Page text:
“Psychiatry is, as Dr. Thomas Szasz said, a ‘human rights abuse,’ which is intrinsic in the laws that empower it to force its practices and treatments on others. It has shown consistent failure to deliver what it has promised—improved mental health and a system that doesn’t rely upon fraudulent science, enforced incarceration and torturous ‘treatments,’ all the while wasting billions of tax-payer dollars for no or damaging results.” – CCHR International
A former American Psychiatric Association (APA) president once told Congress that a widespread “movement” exists to eradicate psychiatry. In 2014, he had hired a Public Relations (PR) firm to review and improve the APA’s image, and, presumably, to deflect attention away from the movement’s criticism of the APA’s diagnostic manual (DSM-5). Opposition to DSM came from diverse quarters, including patients, psychiatrists, psychologists, other mental health practitioners, and the Citizens Commission on Human Rights (CCHR)—each independent of the other but with a common concern that something is terribly wrong in the mental health system and has been for a very long time. In doing so, the psychiatrist failed to mention to members of Congress the hefty body of evidence showing the lack of science behind psychiatry’s diagnostic system and how it causes harm.
By Jan Eastgate
President, CCHR International
March 8, 2021
Why is psychiatry so controversial? Why do some critics say psychiatry creates unhappiness, rather than curing it? And why is that a dean of the Royal College of Psychiatrists admits, “Lots of other doctors don’t think we’re ‘real doctors’”? A trainee psychiatrist asked why psychiatry is so unpopular, responding himself: “One of the most common fears is of ceasing to be a ‘real doctor.’” Medical students stay away from becoming psychiatrists in droves. A European Psychiatry journal article pointed out: “Unlike other medical specialties, psychiatry has often been seen as unscientific, touchy-feely and without proper scientific basis.”
So, how is it, then, that governments keep investing billions of dollars into a “non-science”—psychiatry—to improve conditions it admits it cannot cure? Psychiatry asserts an authority on all things “mental health,” yet the rates of mental illness are said to be soaring, requiring a blank check for more funding.
The lack of science starts with the most prevalent criticism of psychiatry—the Diagnostic & Statistical Manual of Mental Disorders (DSM), upon which funding is largely based, including for research.
Psychiatrists “wonder” why the DSM gets so maligned and why psychiatry has such a poor reputation, for which they blame everyone but themselves. They lump all who are opposed to psychiatry’s coercive and unscientific practices as “anti-psychiatry,” as though this were pernicious instead of necessary.
As three authors, including a professor of psychology pointed out, when this label of “anti-psychiatry” is thrown at you, “remember that this is the way defensive and rigidly biological psychiatrists often respond to people and ideas that frighten them: apply a negative label and pretend the label is an explanation.”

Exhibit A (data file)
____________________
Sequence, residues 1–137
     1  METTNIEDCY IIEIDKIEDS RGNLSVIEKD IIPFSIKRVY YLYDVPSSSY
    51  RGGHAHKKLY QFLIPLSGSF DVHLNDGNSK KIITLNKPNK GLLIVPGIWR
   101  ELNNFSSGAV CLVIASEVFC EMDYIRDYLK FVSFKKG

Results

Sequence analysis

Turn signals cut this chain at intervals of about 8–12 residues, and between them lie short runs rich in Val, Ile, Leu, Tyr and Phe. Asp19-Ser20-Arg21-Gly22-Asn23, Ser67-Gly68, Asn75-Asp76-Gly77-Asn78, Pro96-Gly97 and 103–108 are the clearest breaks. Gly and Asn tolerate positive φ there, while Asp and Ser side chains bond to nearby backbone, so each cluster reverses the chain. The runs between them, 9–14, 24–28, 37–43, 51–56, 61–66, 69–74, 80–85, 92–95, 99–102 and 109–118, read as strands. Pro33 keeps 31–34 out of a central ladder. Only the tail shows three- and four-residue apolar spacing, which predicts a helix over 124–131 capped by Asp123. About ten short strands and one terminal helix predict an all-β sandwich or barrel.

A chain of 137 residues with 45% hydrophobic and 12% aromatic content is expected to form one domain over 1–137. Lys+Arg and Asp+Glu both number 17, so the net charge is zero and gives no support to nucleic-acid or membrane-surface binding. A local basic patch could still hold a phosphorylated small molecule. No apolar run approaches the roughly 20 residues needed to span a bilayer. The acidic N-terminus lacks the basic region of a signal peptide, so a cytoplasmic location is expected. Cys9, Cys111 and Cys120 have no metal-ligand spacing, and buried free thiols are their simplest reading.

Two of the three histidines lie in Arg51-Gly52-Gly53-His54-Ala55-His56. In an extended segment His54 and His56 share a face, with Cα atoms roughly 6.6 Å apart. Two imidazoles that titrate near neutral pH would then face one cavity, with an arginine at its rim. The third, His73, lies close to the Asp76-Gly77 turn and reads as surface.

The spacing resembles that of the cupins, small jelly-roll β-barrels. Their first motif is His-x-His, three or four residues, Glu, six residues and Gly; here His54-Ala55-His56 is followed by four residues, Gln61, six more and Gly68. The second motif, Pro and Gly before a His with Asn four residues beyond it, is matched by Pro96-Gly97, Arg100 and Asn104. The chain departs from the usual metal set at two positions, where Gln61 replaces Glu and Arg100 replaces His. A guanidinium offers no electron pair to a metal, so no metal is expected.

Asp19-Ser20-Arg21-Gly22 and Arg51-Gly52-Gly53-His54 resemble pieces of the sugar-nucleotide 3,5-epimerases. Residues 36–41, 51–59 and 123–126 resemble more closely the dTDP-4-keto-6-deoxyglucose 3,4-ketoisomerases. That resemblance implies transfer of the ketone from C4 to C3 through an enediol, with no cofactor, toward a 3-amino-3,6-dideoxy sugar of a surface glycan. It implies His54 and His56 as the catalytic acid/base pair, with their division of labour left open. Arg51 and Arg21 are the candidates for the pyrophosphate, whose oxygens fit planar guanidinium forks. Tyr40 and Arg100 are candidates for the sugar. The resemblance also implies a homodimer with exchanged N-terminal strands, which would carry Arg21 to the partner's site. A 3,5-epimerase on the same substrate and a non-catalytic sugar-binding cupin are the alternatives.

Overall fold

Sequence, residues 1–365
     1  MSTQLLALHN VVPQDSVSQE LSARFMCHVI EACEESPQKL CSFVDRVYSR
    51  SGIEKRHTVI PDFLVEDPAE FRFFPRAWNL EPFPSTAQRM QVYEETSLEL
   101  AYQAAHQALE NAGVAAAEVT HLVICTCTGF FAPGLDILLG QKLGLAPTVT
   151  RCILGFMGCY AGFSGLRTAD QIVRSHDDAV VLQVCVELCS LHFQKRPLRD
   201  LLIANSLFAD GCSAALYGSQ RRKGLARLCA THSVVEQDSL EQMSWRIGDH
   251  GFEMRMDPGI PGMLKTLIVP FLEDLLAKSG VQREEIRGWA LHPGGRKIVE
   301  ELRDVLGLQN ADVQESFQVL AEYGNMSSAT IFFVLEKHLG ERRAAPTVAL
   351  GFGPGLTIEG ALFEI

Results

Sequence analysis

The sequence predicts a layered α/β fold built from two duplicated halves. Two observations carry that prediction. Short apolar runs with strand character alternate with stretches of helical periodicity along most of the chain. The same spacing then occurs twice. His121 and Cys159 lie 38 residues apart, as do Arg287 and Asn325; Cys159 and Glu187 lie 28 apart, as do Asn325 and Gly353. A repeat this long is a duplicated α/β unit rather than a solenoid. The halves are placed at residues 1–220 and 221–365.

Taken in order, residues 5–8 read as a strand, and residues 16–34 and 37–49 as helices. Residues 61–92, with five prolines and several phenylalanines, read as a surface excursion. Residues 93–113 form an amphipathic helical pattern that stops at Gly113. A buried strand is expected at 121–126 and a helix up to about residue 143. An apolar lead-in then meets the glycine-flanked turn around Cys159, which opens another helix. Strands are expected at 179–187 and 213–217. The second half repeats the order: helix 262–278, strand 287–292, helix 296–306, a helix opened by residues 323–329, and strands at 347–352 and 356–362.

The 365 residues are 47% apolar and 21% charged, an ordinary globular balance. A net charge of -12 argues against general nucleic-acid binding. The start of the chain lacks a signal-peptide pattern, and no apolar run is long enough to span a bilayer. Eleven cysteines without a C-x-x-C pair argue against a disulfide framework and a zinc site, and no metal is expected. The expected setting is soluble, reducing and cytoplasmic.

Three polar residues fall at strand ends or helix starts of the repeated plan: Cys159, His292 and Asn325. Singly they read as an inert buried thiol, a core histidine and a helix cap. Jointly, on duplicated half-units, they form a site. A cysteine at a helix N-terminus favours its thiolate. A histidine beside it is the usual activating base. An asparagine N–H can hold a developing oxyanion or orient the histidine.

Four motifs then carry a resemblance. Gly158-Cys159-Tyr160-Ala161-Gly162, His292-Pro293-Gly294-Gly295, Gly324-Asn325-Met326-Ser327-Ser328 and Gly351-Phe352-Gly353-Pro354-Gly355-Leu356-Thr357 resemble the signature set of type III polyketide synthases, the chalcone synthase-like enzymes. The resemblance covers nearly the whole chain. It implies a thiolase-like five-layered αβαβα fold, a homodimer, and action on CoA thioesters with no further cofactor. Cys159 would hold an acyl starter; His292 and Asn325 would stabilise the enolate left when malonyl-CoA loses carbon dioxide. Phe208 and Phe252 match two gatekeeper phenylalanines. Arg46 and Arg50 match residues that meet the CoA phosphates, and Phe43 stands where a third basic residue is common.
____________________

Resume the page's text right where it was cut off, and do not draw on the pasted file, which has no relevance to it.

Retired psychologist Philip Hickey Ph.D. indicated: “They won’t acknowledge their errors. They won’t back down. And they won’t stop, or even curtail, their destructive practices. They will not even seriously debate the issues. Instead, they’ve gone on the offensive. This offensive is two-pronged. Firstly, they attack those of us who speak out against them, and secondly, they are actively developing links to the media in the hopes that this will encourage reporters to portray them in a more favorable light.”
Psychiatrists misleadingly report that those critical of them do not believe in “mental illness.” This deliberately deflects from the truth. Let me be clear: CCHR has always been clear that no one is saying that people don’t get depressed, sad, troubled, anxious, nervous or even psychotic. It’s never been disputed that people have mental and behavioral issues.
But the fact is, such problems are not biological diseases. There are no tests to confirm mental illness is an “illness.” But there are those psychiatrists that are egregiously dishonest and negligent when they tell patients their problems are the same as a medical disease, or the result of an uncontrollable chemical imbalance in the brain, when there are no physical or scientific tests to confirm that behaviors and emotions are physical illnesses or are caused by imbalanced chemicals. This is not a unique view. Even psychiatry has its “heretics.”
DSM was described by one expert as “not scientific but a product of unscrupulous politics and bureaucracy,” further stating: “In place of scientific findings, the DSM uses expert consensus to determine what mental disorders exist and how you can recognize them. Disorders come into the book the same way a law becomes part of the book of statutes. People suggest it, discuss it, and vote on it.” That’s not science.